From chaos to (mostly) Organized

Monday! I bet everything around you in the house is clean and tidy today, (depending on how many chores you achieved over the weekend). But what's the bet things won't be looking this good tomorrow and by Wednesday the doors of your closet can no longer be closed as the shelves are crammed with clothes and you haven't done the laundry. There is a growing stack of newspapers on the dining table, a wet umbrella by the door, a pile of clothes on the spare bed. By Friday, the house is a full-blown disaster zone—that is, until you tackle the massive (and much-needed) tidying up job on Saturday which will spill over to Sunday. Then, the cycle starts all over again.

I know, for many years now you might have been struggling to keep your house comfortable and “lived in” without it looking like wild animals live there, and perhaps like me, you could never get it right. After all, when you are busy cleaning up one room, the others in the house (dogs included) are busy creating a cyclone in another room. And then a visitor drops by and you mumble a quick ‘sorry about the mess,’ as they step over toys and push a load of books off the chair to sit down.

The scary thing is having a tidy home isn’t about impressing people. It can actually affect our happiness. The science of neuroarchitecture shows that our home affects our moods and if we are feeling a little down or overwhelmed, a bit of tidying might just give us the lift we need. Then again who wants to spend all their time cleaning? That would surely be the perfect idea of hell. There are too many books in the world waiting to be read to be wasting time folding clothes!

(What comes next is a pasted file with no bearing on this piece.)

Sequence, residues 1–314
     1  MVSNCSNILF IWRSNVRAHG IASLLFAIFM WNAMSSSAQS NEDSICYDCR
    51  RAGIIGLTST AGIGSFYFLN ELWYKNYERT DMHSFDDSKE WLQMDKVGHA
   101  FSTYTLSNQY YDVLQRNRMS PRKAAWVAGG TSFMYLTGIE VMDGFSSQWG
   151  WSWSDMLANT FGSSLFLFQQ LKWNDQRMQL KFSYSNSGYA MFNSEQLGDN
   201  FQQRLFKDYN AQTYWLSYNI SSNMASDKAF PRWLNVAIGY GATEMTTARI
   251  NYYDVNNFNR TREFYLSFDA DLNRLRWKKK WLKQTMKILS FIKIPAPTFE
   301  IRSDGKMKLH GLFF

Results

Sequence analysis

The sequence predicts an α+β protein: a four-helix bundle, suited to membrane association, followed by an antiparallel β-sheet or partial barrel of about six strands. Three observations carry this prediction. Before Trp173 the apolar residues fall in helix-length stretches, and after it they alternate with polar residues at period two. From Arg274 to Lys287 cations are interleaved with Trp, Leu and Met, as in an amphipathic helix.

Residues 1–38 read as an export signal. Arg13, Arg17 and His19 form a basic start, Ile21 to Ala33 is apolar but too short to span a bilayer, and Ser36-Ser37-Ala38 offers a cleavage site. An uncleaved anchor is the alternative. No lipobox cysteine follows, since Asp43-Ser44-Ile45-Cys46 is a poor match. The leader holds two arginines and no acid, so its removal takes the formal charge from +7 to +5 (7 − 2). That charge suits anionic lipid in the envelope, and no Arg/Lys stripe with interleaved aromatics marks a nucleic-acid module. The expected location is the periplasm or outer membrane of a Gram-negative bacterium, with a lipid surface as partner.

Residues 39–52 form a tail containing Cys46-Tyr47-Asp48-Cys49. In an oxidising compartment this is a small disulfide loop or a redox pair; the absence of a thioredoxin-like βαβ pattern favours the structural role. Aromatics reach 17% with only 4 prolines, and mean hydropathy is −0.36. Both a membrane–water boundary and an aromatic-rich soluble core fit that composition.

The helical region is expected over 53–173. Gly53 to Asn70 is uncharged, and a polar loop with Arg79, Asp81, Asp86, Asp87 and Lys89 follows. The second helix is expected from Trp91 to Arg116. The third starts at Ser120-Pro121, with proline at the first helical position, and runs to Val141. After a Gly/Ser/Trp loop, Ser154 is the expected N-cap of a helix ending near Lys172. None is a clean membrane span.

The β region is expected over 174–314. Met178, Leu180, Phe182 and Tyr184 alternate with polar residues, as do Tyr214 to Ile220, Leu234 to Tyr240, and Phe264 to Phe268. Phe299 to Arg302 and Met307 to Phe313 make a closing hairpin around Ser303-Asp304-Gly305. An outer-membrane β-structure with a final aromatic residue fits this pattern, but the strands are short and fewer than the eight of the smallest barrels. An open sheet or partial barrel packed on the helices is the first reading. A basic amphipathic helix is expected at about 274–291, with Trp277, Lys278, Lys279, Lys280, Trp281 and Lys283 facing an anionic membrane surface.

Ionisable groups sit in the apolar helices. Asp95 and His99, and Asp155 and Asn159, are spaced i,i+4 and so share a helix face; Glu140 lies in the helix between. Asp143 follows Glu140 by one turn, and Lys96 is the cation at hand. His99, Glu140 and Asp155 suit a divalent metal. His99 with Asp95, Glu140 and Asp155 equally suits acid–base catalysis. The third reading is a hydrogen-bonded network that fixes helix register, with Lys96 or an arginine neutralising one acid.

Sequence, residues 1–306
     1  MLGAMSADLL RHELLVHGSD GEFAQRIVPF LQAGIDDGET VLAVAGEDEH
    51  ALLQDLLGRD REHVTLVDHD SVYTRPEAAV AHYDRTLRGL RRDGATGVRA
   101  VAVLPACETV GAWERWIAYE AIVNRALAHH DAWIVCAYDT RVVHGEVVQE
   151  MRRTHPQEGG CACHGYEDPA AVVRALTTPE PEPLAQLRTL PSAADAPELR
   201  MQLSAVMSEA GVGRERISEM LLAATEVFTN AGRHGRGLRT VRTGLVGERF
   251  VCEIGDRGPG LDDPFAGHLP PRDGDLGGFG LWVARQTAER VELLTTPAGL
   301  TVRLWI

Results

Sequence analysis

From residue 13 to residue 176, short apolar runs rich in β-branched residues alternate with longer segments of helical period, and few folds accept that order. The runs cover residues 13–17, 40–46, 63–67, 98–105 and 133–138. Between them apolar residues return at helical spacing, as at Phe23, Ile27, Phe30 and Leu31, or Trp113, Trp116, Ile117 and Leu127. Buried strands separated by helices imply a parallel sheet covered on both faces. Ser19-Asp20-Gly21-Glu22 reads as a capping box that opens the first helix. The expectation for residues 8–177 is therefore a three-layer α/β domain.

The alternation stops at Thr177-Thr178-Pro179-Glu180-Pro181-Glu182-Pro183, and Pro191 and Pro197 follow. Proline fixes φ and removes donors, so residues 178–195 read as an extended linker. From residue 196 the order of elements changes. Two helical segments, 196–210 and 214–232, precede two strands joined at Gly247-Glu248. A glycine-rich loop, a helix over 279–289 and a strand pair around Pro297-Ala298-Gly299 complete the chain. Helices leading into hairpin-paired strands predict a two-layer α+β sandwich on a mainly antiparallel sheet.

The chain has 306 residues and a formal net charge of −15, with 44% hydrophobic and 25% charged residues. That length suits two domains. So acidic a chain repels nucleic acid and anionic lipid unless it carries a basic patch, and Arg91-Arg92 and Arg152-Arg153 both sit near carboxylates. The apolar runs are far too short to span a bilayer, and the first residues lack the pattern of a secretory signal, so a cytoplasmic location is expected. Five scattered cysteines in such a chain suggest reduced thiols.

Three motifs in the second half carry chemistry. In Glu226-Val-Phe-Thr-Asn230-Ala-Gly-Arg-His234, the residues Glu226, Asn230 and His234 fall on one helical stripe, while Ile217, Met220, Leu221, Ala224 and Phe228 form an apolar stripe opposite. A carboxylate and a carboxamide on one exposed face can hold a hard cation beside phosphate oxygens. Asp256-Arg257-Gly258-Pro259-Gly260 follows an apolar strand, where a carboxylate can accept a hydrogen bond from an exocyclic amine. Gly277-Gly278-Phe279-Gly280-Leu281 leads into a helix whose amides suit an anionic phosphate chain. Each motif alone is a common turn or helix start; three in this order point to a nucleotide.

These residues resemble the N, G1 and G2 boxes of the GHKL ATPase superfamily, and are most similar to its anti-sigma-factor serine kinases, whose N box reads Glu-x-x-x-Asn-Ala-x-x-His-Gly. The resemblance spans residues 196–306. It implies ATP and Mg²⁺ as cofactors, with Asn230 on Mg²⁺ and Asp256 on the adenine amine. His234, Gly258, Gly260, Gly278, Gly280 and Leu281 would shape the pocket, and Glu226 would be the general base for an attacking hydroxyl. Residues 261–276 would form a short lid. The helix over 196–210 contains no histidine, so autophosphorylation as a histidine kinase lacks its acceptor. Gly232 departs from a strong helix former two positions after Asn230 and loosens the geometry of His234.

The good news is by keeping up with a few good habits every single day and getting the whole family involved, you can transform your home from chaos to mostly organized. Sure, you will still have some toys on the floor during the day and general “cleaning” that needs to be done once a week or whenever you get to it, but for the most part, your home will be fairly neat. Let’s just say that if someone gave you 15 minutes notice that they were coming over, your house would look clean.

Spacious and fresh

Experts say the number one most important thing you can do to keep your house tidy and yourself sane (and save money) is to get rid of the clutter and, just as important, stop bringing new clutter into your home. When we think about it we realize part of the reason we spend so much time tidying is because we have so much stuff to tidy. Remove some of that stuff and not only have you cut your workload, your house now looks tidy, spacious and fresh.

It's also important to stick to the adage; A place for everything and everything in its place. Most of the time our house is in a mess because we don’t know what to do with the things we have or where to put it. Or we have run out of room to put it anywhere. So, After getting rid of the clutter, the next step is to find a home for everything that remains. When everything we own has a home, it takes minutes to pick things up and put them away.

We can also cultivate the habit of tidying a little, more often. Rather than having ‘a big clean up’ every week or going into a panic when visitors call, take a minute or two to tidy just a little each day.